Meeting Compassionate Doctors, Scientists and Meditation Masters at the 2013 Buddhism and Medicine Forum
The fourth installment of the Buddhism and Medicine series of conferences, a grand experiment bringing together Buddhist Masters, Doctors and Scientists, took place from May 31st through June 2nd at…
What can we really count on?
One of the most fundamental insights of spiritual practice is that despite all the safeguards civilization provides, the feelings of security we achieve through work, relationships and family, etc, we…
Tahiti’s top 5 stress management tips
Maybe it all began with the florid yet languid images of Paul Gauguin. But maybe it was the exotic tale of sailors in Mutiny on the Bountyrisking all for the romantic…
Phakchok Rinpoche: Overcoming our Ego and our Judgmental Mind
Phakchok Rinpoche explains how we can identify our ego by observing the process of our judgmental mind. He goes on to describe that through meditation and compassion we can learn…
Remembering Sisyphus: Everyday life is fuel for Spiritual Practice
In the great myth, Sisyphus is condemned by the gods, day in and out, to roll a large boulder up to the top of a steep mountain. When the stone…
Tsoknyi Rinpoche: Healing our Trauma and Stress
Theses days, it seems like nearly everyone is barely managing to cope with the stress of day-to-day life. In addition, we are often reacting to situations based on unhealed wounds…
Transcending our Addiction to a Busy Life
A busy life can be experienced as an addictive video game, comprising the twisty route from a morning coffee to the time we return home and close the door on…
Sogyal Rinpoche - Awake 2013 in Sydney
Here is a full teaching from Sogyal Rinpoche on meditation and understanding the mind which he gave in Sydney at the end of March 2013.
Phakchok Rinpoche - Creating space in daily life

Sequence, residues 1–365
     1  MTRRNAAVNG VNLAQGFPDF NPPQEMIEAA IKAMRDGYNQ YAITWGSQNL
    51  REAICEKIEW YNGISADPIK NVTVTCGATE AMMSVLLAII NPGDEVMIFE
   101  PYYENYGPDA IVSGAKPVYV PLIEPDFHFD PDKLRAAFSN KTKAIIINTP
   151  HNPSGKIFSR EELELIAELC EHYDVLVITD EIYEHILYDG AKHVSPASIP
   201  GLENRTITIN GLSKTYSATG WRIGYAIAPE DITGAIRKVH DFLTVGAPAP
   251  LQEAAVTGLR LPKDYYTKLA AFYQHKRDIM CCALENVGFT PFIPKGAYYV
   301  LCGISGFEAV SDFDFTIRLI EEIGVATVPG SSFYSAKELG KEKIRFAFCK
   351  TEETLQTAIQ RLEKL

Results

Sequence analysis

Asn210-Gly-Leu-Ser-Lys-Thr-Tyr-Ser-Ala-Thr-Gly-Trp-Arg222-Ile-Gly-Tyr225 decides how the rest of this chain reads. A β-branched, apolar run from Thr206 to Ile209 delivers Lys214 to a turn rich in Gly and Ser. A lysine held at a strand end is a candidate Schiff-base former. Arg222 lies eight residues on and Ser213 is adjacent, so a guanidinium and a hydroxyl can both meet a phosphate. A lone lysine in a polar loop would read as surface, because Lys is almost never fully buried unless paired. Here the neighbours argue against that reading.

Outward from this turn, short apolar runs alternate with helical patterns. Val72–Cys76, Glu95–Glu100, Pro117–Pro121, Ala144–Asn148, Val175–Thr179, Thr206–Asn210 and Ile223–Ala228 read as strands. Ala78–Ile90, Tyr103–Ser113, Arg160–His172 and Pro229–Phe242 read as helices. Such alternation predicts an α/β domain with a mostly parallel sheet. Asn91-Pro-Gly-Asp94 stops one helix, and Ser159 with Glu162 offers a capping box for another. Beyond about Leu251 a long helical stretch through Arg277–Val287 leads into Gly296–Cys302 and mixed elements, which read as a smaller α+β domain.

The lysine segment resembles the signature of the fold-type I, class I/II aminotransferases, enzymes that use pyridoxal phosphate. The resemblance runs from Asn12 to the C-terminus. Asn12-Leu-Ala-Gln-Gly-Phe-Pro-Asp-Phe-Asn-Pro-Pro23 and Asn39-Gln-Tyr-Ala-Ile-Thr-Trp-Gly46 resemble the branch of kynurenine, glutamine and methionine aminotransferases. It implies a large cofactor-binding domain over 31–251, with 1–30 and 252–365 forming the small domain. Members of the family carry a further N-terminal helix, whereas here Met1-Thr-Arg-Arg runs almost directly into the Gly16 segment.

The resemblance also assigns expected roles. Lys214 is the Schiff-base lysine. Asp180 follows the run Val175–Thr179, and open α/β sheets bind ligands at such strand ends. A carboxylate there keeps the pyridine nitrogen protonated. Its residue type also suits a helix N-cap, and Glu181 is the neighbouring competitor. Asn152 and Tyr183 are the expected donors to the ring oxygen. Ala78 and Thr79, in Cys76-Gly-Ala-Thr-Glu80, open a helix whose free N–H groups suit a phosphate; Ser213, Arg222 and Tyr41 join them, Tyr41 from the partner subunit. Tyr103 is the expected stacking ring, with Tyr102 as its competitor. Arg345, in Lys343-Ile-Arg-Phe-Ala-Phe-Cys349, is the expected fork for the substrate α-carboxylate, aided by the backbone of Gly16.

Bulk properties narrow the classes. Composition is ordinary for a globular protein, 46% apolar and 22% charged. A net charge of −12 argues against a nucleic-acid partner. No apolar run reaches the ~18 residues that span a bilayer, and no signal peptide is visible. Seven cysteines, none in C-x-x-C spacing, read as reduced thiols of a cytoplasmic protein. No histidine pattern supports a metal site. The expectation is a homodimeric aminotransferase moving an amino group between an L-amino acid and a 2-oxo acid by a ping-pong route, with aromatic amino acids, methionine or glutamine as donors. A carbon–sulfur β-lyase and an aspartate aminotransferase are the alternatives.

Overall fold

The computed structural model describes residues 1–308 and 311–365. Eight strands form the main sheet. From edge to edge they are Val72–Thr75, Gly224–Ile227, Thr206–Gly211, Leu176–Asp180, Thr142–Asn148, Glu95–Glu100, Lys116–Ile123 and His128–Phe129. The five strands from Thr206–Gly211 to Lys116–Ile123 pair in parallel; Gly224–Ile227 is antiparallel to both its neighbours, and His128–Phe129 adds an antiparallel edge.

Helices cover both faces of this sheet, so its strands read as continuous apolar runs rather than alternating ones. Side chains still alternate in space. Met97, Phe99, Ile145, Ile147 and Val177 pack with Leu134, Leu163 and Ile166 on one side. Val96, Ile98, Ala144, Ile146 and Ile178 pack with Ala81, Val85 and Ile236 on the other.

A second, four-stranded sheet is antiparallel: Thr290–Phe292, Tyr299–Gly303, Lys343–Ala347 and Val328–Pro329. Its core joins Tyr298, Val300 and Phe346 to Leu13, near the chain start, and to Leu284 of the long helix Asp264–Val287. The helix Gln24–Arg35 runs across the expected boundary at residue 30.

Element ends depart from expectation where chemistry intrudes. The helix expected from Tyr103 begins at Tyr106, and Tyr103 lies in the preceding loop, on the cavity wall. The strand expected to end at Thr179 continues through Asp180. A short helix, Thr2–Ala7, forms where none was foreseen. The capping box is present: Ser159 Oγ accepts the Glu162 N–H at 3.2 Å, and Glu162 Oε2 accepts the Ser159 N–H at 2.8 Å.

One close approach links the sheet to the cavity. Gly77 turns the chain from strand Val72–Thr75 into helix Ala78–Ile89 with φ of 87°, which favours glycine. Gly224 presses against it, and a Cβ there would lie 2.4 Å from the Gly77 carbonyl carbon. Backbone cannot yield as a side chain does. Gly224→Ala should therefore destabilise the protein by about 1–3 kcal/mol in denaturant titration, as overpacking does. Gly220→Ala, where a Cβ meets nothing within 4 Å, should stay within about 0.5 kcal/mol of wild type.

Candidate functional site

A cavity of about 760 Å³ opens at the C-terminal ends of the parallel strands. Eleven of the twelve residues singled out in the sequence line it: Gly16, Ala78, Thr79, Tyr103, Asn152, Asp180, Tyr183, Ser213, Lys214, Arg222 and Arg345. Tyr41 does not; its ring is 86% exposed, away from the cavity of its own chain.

Sometimes it seems so difficult to meditate. We might try to sit, but our minds are all over the place; or perhaps we have too much pressure and stress in…
Sogyal Rinpoche - Who are we?
In this video, Sogyal Rinpoche suggests an alternative to the habitual self-identification with our thoughts and emotions. Normally, it is as if the thoughts about who we are or what…
Adam Engle - Creating a planetary awareness of fitnees for the mind
Adam Engle argues that most of the biggest problems in the world and for individuals are made by human beings. But recent developments in contemplative science are paving the way…
To give your sheep or cow a large, spacious meadow is the way to control him. If you want to attain perfect calmness in your zazen [meditation], you should not be bothered by the various images you find in your mind. Let them come, and let them go. Then they will be under control.
COME BACK HERE FOR MORE QUOTES ON MEDITATION
- June 2013 (4)
- May 2013 (5)
- April 2013 (7)
- March 2013 (8)
- February 2013 (4)
- January 2013 (3)
- December 2012 (3)
- November 2012 (3)
- October 2012 (11)
- September 2012 (14)
- August 2012 (7)
- July 2012 (8)
- June 2012 (7)
- May 2012 (13)
- April 2012 (12)
- March 2012 (15)
- February 2012 (16)
- January 2012 (16)
- December 2011 (13)
- November 2011 (18)
- October 2011 (19)
- September 2011 (11)
- August 2011 (15)
- July 2011 (19)
- June 2011 (19)
- May 2011 (17)